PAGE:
‘Casino Royale’: David Niven vs Daniel Craig – who did it better?

If you are a true Bond fan, you must know the name of the first James Bond film.

That’s right—it’s Dr. No. But did you know that long before the release of Dr. No in 1962, producers ”fought” to obtain the film rights to Fleming’s other novel—Casino Royale?

New generations are more familiar with the 2006 movie adaptation of Casino Royale, starring Daniel Craig, but the older population remembers a release of Casino Royale in 1967, with David Niven in the leading role. Though creators of both versions claim they were inspired by Fleming’s novel, in the 1967 film, we see Bond as a baccarat master, while in the 2006 version, Bond’s game of choice is poker.

Casino Royale Is Too Much…for One James Bond!

As it turned out, it was too much for one producer too.

Casino Royale is the first book featuring the character of Agent 007. The author, Ian Fleming, sold the film rights of the novel to the producer Gregory Ratoff in 1955. A year later, Ratoff allied with Micheal Garrison to produce a film adaptation. Unfortunately, Ratoff did not manage to finish it since he died in December 1960. After his death, Charles K. Feldman acquired rights to produce Casino Royale.

Another producer, Albert R. Broccoli, and his business partner, co-producer Harry Saltzman, tried to buy rights from Feldman, but were rejected. The director Howard Hawks, who was close friends with Feldman, wanted to adapt Casino Royale, so the two of them started working on it. Meanwhile, Eon Productions (owned by Broccoli and Saltzman) worked on another Bond movie (it will be the first one in the series)—Dr. No. After seeing Dr. No, Feldman and Hawks gave up on their project.

Feldman contacted Broccoli and tried to make an agreement with Eon Productions regarding Casino Royale’s rights. The attempt was a failure. Finally, Feldman offered rights to Columbia Pictures and decided to produce a film as a satire.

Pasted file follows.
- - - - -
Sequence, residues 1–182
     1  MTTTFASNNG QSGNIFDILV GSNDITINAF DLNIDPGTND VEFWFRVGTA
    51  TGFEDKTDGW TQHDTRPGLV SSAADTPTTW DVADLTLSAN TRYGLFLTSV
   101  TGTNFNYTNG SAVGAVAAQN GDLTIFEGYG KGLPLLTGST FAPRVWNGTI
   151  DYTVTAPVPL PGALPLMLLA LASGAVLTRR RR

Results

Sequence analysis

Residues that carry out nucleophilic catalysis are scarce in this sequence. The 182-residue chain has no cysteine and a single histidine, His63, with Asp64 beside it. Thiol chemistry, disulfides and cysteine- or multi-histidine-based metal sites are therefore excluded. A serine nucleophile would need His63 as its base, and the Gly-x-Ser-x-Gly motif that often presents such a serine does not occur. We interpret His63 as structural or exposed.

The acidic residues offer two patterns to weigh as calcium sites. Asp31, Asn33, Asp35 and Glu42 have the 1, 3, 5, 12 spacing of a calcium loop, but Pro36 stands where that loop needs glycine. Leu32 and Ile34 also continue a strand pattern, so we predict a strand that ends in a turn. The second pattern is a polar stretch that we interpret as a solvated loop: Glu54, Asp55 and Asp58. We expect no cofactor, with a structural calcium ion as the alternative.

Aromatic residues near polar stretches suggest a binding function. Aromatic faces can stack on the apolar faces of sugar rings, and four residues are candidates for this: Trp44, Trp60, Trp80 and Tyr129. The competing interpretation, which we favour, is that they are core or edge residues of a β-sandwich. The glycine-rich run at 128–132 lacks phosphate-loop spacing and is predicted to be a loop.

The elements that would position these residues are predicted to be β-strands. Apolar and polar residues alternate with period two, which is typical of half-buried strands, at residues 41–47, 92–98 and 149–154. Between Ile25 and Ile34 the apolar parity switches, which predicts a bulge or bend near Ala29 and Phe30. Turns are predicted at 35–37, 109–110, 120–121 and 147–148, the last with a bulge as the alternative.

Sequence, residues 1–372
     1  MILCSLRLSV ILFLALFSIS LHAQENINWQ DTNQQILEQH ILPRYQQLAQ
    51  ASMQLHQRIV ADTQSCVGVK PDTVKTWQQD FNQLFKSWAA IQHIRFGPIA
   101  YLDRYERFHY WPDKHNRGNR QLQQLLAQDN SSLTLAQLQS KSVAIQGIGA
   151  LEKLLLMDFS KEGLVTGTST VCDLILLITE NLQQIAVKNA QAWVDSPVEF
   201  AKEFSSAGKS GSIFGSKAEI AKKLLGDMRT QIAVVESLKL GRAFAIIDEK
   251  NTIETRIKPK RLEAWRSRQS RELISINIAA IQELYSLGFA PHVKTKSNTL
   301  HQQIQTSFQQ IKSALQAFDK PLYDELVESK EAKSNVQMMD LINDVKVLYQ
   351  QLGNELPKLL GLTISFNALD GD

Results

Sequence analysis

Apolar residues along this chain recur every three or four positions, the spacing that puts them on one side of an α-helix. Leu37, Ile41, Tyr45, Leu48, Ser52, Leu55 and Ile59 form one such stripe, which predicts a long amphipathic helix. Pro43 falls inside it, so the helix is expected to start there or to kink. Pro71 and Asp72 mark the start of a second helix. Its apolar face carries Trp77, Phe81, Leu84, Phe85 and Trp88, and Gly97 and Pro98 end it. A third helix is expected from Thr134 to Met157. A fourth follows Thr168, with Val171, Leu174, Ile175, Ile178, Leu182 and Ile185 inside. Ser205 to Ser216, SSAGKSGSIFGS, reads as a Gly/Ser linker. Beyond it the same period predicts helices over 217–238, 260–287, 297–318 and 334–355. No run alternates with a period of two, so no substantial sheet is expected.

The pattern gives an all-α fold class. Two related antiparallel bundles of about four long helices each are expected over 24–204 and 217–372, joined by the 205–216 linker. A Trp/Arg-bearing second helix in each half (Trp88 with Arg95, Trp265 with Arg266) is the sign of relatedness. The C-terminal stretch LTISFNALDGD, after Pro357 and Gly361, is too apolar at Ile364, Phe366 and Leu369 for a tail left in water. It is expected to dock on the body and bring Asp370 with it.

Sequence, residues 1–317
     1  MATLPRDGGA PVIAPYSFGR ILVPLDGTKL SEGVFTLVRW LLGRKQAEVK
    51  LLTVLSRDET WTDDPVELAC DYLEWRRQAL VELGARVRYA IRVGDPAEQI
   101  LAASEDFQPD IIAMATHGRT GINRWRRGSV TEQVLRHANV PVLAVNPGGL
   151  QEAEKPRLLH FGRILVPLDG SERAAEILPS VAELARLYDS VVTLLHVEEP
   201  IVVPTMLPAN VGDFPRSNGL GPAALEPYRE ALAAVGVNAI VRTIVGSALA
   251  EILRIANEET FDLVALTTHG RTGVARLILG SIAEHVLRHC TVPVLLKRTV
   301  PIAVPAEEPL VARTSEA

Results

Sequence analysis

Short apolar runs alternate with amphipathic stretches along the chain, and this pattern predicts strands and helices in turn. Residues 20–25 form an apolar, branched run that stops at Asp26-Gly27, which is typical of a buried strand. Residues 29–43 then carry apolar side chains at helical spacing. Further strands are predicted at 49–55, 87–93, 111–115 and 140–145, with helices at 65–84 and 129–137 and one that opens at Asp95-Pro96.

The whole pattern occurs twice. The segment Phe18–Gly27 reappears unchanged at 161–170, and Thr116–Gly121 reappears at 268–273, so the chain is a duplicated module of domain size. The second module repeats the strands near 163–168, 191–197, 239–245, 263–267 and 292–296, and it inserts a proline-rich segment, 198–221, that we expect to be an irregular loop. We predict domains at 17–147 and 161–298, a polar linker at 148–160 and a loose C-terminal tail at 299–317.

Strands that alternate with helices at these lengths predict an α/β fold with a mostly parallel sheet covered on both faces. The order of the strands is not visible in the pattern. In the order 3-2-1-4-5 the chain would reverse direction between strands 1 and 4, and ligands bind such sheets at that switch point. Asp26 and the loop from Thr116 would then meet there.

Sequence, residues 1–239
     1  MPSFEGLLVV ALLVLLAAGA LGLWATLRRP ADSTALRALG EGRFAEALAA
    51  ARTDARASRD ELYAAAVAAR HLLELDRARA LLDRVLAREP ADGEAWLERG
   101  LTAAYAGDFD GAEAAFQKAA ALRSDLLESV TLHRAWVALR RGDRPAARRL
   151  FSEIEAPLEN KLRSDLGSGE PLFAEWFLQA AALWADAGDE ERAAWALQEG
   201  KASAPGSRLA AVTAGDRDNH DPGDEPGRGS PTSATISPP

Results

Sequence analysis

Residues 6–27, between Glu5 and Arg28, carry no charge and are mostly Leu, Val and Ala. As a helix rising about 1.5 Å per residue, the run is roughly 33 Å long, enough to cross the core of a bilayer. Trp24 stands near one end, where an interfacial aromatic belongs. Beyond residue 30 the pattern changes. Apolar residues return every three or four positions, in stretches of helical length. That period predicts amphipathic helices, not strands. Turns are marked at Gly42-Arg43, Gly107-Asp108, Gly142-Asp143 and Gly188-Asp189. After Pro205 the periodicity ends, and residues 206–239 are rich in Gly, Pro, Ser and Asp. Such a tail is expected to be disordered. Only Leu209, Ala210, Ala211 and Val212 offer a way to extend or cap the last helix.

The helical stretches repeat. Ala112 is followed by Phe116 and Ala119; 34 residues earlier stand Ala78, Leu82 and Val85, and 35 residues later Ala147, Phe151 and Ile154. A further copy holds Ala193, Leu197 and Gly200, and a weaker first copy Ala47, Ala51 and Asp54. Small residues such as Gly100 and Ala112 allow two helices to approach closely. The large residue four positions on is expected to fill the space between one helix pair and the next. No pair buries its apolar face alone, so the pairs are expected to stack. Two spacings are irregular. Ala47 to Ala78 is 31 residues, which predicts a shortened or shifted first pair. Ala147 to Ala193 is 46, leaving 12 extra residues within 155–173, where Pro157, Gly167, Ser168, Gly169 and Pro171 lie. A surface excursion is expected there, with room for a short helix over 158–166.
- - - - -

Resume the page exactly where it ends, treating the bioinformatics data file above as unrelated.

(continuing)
Casino Royale (1967)  was released on April 13, as a spy comedy film, starring David Niven as the ”original” Bond. Peter Sellers, Woody Allen, and Orson Welles were also part of the cast. The movie’s tagline was: ”Casino Royale is too much…for one James Bond,” and it refers to Bond’s trick to mislead SMERSH (Soviet counterintelligence agency) with six other agents pretending to be Agent 007.

Feldman chose Niven because he knew the actor had been Fleming’s preferred choice to play Agent 007 in Dr. No. The producer assumed Niven was on the writer’s mind when he was writing the character of Bond.

Though the film was a financial success, it mostly received negative reviews from the critics. Bosley Crowther (The New York Times) stated the film had ”more of the talent agent than the secret agent” and praised all the scenes up to the baccarat game between James Bond and Le Chiffre. He also said the script was full of clichés, repetitive and tiresome.

James Bond: What are you going to do?

Le Chiffre: Physically, I’m not going to do anything.

James Bond: Ah, you’re going to nothing me to death.

Le Chiffre: Torture of the mind. The most exquisite torture is all in the mind. 

The Name Is Bond. James Bond

When Daniel Craig first met with the producers of Casino Royale (2006), he said: ”I can’t do a Sean Connery impression. I can’t be Pierce.” The 52-year-old English actor wasn’t sure if he could play the next Agent 007.

Though the actor was criticized for not fitting the physical description of Bond (tall and dark man), Craig successfully captured Bond’s personality—The name is Bond. James Bond. He also showed us that Agent 007 is not a perfect man. In contrast, he is imperfect and vulnerable—he is human.

Aside from Craig’s brilliant performance, the scenery is breathtaking as well. Filming took place in Italy, the Bahamas, the Czech Republic, and the United Kingdom. Producers considered South Africa as another filming location. Unfortunately, they had some problems in securing it, so they gave up on filming there.


Unlike the 1967 Bond, who was a baccarat master, the 2006 Bond is on an assignment to bankrupt Le Chiffre, a terrorist financier, in a high-stakes poker game. So, who knows, maybe one day, we’ll watch a new version of Casino Royale being filmed on the long wanted coasts of South Africa with our favorite character playing slots, and other casino machines.

In any case, Casino Royale (2006) received an overall positive critical response, and the critics especially highlighted Craig’s performance in the film. Lastly, some fans even consider Casino Royale to be the most faithful adaptation of Fleming’s novel of the same name.